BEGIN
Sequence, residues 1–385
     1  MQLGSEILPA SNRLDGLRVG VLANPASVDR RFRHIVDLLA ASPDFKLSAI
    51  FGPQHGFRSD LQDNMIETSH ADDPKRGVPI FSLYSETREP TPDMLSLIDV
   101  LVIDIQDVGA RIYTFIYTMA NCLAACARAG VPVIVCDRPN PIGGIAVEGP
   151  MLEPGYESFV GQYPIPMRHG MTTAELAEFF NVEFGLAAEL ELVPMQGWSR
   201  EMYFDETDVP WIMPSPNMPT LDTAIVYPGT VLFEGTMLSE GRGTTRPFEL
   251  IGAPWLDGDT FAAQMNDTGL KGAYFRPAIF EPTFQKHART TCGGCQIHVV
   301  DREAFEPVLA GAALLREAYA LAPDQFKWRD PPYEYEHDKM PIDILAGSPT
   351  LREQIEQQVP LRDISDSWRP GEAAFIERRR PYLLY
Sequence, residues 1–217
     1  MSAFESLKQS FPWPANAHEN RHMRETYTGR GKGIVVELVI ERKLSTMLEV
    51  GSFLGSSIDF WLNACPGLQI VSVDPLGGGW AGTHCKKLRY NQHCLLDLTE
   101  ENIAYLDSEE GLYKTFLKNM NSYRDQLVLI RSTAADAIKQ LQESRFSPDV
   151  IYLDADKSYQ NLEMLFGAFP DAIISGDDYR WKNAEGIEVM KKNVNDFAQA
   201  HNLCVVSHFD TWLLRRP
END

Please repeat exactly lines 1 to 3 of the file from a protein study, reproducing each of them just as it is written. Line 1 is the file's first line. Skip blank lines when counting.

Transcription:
Sequence, residues 1–385
     1  MQLGSEILPA SNRLDGLRVG VLANPASVDR RFRHIVDLLA ASPDFKLSAI
    51  FGPQHGFRSD LQDNMIETSH ADDPKRGVPI FSLYSETREP TPDMLSLIDV